There were predictions around the stock market crash, a natural disaster, a global computer shutdown due to hacking by a foreign government, the use of nuclear weapons, an asteroid hitting the Earth, aliens visiting Earth etc.
Circa 2021 has been a bad year for the most part!
77% of global citizens and 73% of urban Indians say 2021 has been a bad year for their country. The countries most sharing this view were Romania (89%), South Korea (89%) and Spain (89%). The markets least agreed were China (41%) and Saudi Arabia (48%).
2021 was also a bad year for them and their families. 58% of world citizens and 63% of Indians agreed. And the markets that most shared this view were South Africa (77%), South Korea (74%) and Turkey (74%). And the least impacted markets were China (39%), Sweden (40%) and the Netherlands (42%).
3 in 4 world citizens (75%) and 4 in 5 urban Indians (80%) decided to do specific things for themselves and for others in 2022. Markets sharing this point of view were the most: the China (96%), Colombia (93%), Mexico (92%) and Peru (92%). And the least agreed were Sweden (23%) and Japan (44%).
“The verdict is in. 2021 has been a bad year for countries, individuals and their families. Citizens surveyed will prioritize themselves and work with their communities as they enter a new year of spanking,” Adarkar said. .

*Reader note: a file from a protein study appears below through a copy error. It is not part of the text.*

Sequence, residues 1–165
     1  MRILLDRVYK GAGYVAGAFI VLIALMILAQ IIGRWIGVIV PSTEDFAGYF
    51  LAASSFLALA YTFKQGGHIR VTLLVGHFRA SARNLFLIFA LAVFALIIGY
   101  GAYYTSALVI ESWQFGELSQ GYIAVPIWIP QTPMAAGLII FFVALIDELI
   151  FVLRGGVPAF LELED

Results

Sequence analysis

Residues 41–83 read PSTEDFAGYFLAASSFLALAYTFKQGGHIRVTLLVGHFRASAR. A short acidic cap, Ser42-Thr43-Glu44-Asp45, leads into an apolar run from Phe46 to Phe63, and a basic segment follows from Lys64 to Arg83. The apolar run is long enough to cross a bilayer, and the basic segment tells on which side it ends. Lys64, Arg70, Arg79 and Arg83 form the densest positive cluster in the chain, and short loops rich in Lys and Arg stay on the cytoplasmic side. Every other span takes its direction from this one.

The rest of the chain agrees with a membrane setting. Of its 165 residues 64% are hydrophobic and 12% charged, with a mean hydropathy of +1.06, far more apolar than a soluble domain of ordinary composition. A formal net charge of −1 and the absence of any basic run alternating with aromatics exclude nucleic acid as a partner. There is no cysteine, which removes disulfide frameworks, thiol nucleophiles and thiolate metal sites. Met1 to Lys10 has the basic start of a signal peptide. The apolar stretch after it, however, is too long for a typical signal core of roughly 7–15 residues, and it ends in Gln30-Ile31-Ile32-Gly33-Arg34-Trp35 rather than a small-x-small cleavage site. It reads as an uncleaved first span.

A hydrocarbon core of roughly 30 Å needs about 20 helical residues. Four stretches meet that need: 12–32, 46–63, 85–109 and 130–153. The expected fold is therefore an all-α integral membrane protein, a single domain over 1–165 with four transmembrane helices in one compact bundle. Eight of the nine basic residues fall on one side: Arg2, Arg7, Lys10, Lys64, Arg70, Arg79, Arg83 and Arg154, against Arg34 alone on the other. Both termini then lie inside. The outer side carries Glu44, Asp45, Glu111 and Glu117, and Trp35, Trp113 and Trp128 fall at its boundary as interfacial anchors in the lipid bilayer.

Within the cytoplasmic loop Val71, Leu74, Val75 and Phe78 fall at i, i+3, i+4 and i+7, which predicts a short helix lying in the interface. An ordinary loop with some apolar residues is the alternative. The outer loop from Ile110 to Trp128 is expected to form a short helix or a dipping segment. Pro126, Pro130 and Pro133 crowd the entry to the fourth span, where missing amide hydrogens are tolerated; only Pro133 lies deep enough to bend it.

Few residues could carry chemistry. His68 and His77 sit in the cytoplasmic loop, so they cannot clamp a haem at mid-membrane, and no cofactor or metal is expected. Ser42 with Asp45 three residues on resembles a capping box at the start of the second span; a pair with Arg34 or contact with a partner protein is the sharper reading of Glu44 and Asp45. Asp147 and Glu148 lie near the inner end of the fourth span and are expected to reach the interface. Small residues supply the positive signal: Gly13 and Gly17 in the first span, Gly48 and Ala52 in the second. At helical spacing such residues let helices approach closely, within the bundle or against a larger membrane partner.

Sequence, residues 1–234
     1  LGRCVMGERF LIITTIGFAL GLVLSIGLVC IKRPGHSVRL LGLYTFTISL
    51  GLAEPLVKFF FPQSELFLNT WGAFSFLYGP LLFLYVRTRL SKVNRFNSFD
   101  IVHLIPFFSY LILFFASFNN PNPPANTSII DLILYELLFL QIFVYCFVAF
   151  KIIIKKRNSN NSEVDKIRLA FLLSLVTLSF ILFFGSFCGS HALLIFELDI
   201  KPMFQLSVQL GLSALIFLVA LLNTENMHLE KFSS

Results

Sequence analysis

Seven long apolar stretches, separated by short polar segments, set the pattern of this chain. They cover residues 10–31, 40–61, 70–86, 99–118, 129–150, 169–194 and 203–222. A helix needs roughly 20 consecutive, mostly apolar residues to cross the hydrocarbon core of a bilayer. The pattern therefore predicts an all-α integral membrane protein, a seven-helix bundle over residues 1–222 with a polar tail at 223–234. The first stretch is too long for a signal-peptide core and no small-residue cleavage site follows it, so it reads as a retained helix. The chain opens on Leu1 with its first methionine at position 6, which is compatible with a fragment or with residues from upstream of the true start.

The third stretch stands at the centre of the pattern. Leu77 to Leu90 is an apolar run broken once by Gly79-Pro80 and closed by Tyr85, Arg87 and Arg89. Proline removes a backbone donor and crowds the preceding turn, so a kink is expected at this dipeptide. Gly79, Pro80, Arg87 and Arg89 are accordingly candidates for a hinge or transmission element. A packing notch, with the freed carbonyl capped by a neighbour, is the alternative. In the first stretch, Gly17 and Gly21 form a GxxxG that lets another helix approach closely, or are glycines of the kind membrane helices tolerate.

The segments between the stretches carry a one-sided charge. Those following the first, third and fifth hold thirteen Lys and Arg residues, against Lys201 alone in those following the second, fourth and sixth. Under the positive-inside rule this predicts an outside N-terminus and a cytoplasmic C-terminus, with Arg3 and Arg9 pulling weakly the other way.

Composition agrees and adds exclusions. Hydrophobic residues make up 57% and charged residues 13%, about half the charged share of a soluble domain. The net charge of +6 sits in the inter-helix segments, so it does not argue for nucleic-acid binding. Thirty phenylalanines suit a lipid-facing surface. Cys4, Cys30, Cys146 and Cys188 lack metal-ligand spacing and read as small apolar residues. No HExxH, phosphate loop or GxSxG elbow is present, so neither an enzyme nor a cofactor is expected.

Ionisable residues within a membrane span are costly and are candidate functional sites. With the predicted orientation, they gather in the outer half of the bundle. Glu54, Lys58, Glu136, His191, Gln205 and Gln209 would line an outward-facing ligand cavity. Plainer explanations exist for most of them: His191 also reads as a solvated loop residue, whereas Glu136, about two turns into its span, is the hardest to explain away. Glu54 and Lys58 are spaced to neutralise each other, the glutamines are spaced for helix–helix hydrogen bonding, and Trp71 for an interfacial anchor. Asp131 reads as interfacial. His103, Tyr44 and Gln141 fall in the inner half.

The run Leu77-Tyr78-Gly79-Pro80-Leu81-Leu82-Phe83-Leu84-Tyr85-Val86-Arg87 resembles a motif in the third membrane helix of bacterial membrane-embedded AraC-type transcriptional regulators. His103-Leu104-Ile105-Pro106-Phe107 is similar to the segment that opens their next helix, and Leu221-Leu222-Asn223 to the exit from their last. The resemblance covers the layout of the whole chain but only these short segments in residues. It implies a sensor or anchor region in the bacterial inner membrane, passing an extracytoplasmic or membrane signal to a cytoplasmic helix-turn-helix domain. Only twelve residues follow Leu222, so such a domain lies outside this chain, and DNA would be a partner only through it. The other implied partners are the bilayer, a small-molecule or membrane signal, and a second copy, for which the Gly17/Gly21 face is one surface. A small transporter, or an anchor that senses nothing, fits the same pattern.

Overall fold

These are the results of a study of 33 markets carried out by Ipsos on its online platform Global Advisor. Ipsos surveyed a total of 22,023 adults aged 18 to 74 in the United States, Canada, Israel, Malaysia, South Africa and Turkey, and ages 16 to 74 in 27 other markets between Friday October 22 and Friday November 5, 2021.
The sample consists of approximately 1,000 people from Australia, Belgium, Brazil, Canada, Mainland China, France, Germany, Great Britain, Italy, Japan, Spain and the United States. United States, and 500 people in Argentina, Chile, Colombia, Denmark, Hungary, India, Israel, Malaysia, Mexico, Netherlands, Peru, Poland, Romania, Russia, Saudi Arabia, South Africa, South Korea, Sweden , Switzerland and Turkey.
Samples in Argentina, Australia, Belgium, Canada, Denmark, France, Germany, Great Britain, Hungary, Italy, Japan, Netherlands, Poland, South Korea, Spain, Sweden, Switzerland and United States can be considered as representative of their general adult population under 75 years of age.
Samples in Brazil, Chile, Mainland China, Colombia, India, Israel, Malaysia, Mexico, Peru, Romania, Russia, Saudi Arabia, Singapore, South Africa and Turkey are more urban, more educated and / or richer than the general population. The survey results for these countries should be seen as reflecting the views of the most âconnectedâ segment of their population.
The data are weighted so that the sample composition of each country best reflects the demographic profile of the adult population according to the most recent census data.
âOverall country averageâ reflects the average score for all countries and markets where the survey was conducted. It has not been adjusted for the population size of each country or market and is not intended to suggest a total result.
When the results do not add up to 100 or the “difference” appears to be +/- 1 more / less than the reality, this may be due to rounding, multiple responses, or the exclusion of “don’t know” responses. not âor not declared.
The accuracy of Ipsos online surveys is calculated using a credibility interval with a survey of 1000 accurate to +/- 3.5 percentage points and 500 accurate to +/- 5.0 percentage points . For more information on Ipsos’ use of credibility intervals, please visit the Ipsos website. The publication of these results complies with local rules and regulations.